BOULDER, Colo.—October 28, 2019— With fresh snow on the ground across higher-elevation areas of Boulder and Gilpin counties, crews from the Roosevelt National Forest’s Boulder Ranger District are preparing to start burning slash piles resulting from fuels reduction and hazardous tree removal projects in the area.
Fuels reduction programs involve mechanical or hand thinning projects, removing trees to reduce forest density and improve forest health. While larger logs are removed for use, unmarketable limbs, saplings, and brush are piled up for burning. Hand piles result from crews using chainsaws to thin the forest and then piling the sawn material; machine piles result from using logging equipment and primarily consist of tree limbs left behind after marketable material is removed.
This season’s pile burning could begin as soon as November 4 and continue through this spring, depending on weather and fuels conditions. Piles are only ignited when fuels managers are confident that the project can be undertaken safely and successfully. Snow cover, fuel moisture, precipitation, wind, temperature, and available firefighter staffing are all taken into account before beginning a pile burn.
Piles which are ready for burning are prioritized based on elevation, aspect, access, and proximity to homes. Smoke, flames, and glowing embers are often visible, and are a normal part of pile burning operations. Snow helps contain the piles and firefighters monitor the area during and after the burn. Public and firefighter safety is always the number-one priority in burning operations.
Prescribed fire smoke may affect your health; for more information see http://www.colorado.gov/pacific/cdphe/wood-smoke-and-health/.
To get the latest updates on when and where burning will occur, follow us on Twitter and Facebook @usfsarp. To be added to our e-mail notification list, send an e-mail to email@example.com and ask to be added to the Boulder Ranger District Prescribed Fire list. For a complete list of locations where burning will occur this season, as well as updated accomplishments and photos, visit our InciWeb page at https://inciweb.nwcg.gov/incident/4648.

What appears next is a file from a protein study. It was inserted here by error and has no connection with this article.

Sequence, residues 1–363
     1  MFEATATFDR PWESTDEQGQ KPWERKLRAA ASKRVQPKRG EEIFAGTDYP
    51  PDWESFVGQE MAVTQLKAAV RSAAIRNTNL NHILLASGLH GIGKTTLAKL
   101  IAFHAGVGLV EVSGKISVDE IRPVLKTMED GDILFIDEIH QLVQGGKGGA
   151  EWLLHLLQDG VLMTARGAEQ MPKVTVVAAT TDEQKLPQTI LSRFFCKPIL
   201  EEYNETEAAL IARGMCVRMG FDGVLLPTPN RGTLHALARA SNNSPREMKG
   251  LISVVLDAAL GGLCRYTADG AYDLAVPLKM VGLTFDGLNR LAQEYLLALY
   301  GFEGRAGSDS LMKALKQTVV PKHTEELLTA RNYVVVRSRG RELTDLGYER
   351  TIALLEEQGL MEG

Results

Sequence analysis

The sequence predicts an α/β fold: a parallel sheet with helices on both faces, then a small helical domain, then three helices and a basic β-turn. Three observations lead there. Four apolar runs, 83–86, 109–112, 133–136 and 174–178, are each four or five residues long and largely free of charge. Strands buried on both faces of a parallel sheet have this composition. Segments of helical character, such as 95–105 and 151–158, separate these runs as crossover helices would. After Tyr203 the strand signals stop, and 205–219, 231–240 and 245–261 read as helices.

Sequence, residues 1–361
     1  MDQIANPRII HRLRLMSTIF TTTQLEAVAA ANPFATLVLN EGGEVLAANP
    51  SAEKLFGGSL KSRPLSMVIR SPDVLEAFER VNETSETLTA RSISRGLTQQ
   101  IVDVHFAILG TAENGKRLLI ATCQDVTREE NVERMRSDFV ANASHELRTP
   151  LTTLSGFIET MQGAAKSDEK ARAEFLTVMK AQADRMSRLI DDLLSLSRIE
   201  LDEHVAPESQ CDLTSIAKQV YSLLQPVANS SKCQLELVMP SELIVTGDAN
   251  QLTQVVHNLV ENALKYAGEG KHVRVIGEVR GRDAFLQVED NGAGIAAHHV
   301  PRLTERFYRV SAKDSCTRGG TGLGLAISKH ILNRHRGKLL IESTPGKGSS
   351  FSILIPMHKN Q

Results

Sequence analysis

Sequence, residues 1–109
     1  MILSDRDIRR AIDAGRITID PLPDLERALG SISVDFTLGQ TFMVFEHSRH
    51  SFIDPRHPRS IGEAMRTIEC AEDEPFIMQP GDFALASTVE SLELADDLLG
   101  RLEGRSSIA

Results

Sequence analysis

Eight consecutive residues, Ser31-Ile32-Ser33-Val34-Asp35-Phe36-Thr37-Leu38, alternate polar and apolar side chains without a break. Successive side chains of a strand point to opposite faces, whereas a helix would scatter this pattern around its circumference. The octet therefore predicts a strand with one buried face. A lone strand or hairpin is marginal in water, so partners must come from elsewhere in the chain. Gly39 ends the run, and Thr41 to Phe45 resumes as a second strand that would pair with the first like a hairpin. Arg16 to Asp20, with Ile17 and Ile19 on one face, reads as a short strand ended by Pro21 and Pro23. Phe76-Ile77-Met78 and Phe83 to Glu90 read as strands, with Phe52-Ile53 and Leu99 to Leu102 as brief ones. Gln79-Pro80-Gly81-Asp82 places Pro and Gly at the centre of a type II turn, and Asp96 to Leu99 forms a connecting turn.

The Boulder Ranger District has prioritized the areas listed below for pile burning this winter:
- Lump Gulch 18 (2,000 hand piles) – 0.5 mile north of Rollinsville, west of Highway 119.
- Lump Gulch 35 (500 hand piles) – 3 miles south of Rollinsville, west of Highway 119.
- Lump Gulch 38 (2,000 hand piles) – South of South Beaver Road, 1 mile east of Highway 119.
- Sugarloaf Unit 4 (475 hand piles) – 1.75 miles west of Gold Hill on County Road 52.
- James Creek RFB Unit 1 (800 hand piles) – 1.5 miles northwest of Jamestown, west of County Road 87.
- James Creek RFB Units 6, 7, 8 (7,500 hand piles) – 0.5 mile south of Jamestown.
- James Creek RFB Unit 10 (3,250 hand piles) – Lefthand Canyon, 2 miles east of Peak to Peak Highway on Highway 52.
- James Creek RFB Units 5, 12, 13 (10,000 hand piles) – Lefthand Canyon, 1 mile east of Gold Lake and 5 miles west of U.S. 36.
- James Creek RFB Unit 17 (1,425 hand piles) – 0.5 mile north of Cal-Wood Ranch.
- James Creek Unit M1602 (100 hand and machine piles) – Lefthand Canyon, 3 miles east of Peak to Peak Highway on Highway 52.
- James Creek Unit H1501 (1,500 hand piles) – Sky View Estates, near Ceran St. Vrain Trailhead, 2 miles east of Peak to Peak Highway on Overland Rd.
- James Creek Units M3401, M3501, M3502, O3501, M3201, M3403 (500 hand piles, 100 machine piles) – 1 mile east of Gold Lake.
- James Creek Units H3401, H3402 (450 hand and machine piles) – Boulder Heights Subdivision, East of Peak View Road and Peak View Circle.
- Gill (925 hand piles) – 0.25 mile south of Jamestown.
- St. Vrain Units 13d, 14a, 14c (11,400 hand piles) – 1 mile west of Big Elk Subdivision on Johnny Park Rd.
- St. Vrain Units 12a, 12b, 12d (6,000 hand piles) – In the town of Meeker Park.
- Forsythe II Unit 74 (1,500 hand piles) – 1 mile north of Wondervu, west side of Gross Reservoir.
- Horse Creek Units 1, 2, 4 (50 machine piles) – 3 miles west of Gold Hill.